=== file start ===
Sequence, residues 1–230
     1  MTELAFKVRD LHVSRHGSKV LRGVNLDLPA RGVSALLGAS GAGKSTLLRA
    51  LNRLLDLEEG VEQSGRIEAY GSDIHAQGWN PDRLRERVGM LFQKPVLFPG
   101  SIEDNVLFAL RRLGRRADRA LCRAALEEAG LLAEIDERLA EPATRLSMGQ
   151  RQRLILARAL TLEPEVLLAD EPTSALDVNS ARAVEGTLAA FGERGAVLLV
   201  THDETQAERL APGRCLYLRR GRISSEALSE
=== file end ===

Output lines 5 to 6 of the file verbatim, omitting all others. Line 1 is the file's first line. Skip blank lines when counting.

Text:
   151  RQRLILARAL TLEPEVLLAD EPTSALDVNS ARAVEGTLAA FGERGAVLLV
   201  THDETQAERL APGRCLYLRR GRISSEALSE